We had some issues with the AppleTV - an iOS update bricked it, which is not unheard of - but I got AppleCare for it, and they just replaced it. During that time, my roommates used the XBox360's Netflix connection and complained a lot about the fact that it had a much worse selection (no idea why, but apparently in the 'horror' section it had access to 15 movies and they blew through that in a week). Don't know about the Wii selection, but that's my experience with a gaming device/Netflix situation.
posted by mephron at 2:32 AM on July 31, 2011


Maybe check out boxee?
posted by beisny at 4:38 AM on July 31, 2011


Contrary to mephron's roommates' experience, I have both a PS3 and an XBox 360. Both have the same (large) Netflix library options available. Not the cheapest option, but the selection on the consoles is not more limited than that on a Roku.
posted by ellF at 5:46 AM on July 31, 2011


The Wii is great fun, but it really depends on your interests and personality. If you're the kind of person who is willing to come home, fire up a game, and spend a few hours playing each evening, a Wii is a great choice. (See also PlayStation 3, which also doubles as a Blu-Ray player, a Netflix client, etc.)

If, however, you prefer to come home and flop back on the sofa a lot of the time, the Roku 2 really is the ultimate cheap, easy "help me watch TV and Internet video" box. If you want just a few casual games, you can get the top of the line Roku 2 with the game controller. You could also pick up a cheap used Wii, PS2, or other gaming system to supplement a Roku, if you find yourself wanting the games.
posted by maxim0512 at 5:55 AM on July 31, 2011


I just cut the cable. I got a Roku box and a Mohu Leaf antenna. I already had an Apple TV. I also have Netflix and Amazon Prime, so I have a good amount of access to streaming stuff.

Food Network is pretty much out. I signed up for Hulu Plus, but only a very few Food Network shows are available and most (all?) of them are web-only. I'm not sure about History Channel shows. There seem to be a ton of kids' shows, and if you have an antenna and decent reception you should be able to pick up local channels, PBS, that sort of thing. There are private channels on the Roku but I haven't explored those much.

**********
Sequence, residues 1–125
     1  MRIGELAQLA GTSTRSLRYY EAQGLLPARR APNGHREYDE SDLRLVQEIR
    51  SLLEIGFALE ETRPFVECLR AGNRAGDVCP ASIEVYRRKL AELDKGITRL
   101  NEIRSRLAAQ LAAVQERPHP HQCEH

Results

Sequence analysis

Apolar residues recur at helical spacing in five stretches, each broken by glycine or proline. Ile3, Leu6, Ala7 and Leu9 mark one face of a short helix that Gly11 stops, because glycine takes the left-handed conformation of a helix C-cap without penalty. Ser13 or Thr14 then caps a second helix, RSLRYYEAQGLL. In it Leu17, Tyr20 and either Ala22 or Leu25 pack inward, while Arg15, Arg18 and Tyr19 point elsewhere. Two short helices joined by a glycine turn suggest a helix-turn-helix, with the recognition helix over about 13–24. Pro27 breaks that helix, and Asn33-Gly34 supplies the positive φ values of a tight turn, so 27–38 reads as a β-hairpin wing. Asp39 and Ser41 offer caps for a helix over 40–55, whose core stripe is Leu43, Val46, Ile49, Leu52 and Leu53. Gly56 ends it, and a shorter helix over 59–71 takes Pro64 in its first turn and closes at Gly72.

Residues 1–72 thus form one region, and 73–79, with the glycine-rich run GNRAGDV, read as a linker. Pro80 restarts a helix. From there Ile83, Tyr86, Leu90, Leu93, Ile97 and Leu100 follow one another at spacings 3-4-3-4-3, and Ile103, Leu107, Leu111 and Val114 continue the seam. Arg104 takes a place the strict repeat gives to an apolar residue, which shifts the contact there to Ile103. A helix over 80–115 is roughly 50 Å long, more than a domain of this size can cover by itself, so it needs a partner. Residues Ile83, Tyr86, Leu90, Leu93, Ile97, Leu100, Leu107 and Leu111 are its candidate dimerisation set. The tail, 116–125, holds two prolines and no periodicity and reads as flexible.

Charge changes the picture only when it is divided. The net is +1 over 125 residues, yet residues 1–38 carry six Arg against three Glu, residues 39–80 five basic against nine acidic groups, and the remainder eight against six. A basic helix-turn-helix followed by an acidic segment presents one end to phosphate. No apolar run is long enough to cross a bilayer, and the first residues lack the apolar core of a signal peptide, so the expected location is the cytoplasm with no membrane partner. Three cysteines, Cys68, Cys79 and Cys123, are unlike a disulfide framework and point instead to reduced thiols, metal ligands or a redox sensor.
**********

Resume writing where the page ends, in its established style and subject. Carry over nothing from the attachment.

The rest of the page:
I've found that for the most part I'm completely fine without cable. When Doctor Who comes back, I'll get it from iTunes. Same for Top Chef. But you'll probably surprise yourself with how quickly you stop caring about the stuff you think you might miss.
posted by sugarfish at 7:06 AM on July 31, 2011


I'm planning to cut the cable soon and set up an HTPC myself soon, and the biggest hurdle I've run across so far is content restrictions. A lot of the content providers, like the network sites and so forth, have free programming available online, but restrict their playback on any system that identifies itself as an HTPC rather than a regular computer system.

We currently have Netflix and browser based access on our Playstation, and most of the network content I've tried is blocked. You can go to Clicker.com or, if your browser supports HTML5, Clicker.tv to find available programming across the different sites. That's a really useful starting off point, BTW. They search all of the major legal sites, including TV network sites, Netflix, Amazon on demand, etc., and give you options

As such, I'm probably going to put together a homebuilt system that just identifies itself as a regular OS and a regular browser, to avoid the restrictions and get more content.

Another factor to take into consideration is that the Wii doesn't support HDTV for Netflix. I know that's not going to be an issue for you now, but it would lock you into that limitation if you do get an HD compatible TV some day. So unless you're looking at the Wii for other reasons, I'd recommend against it.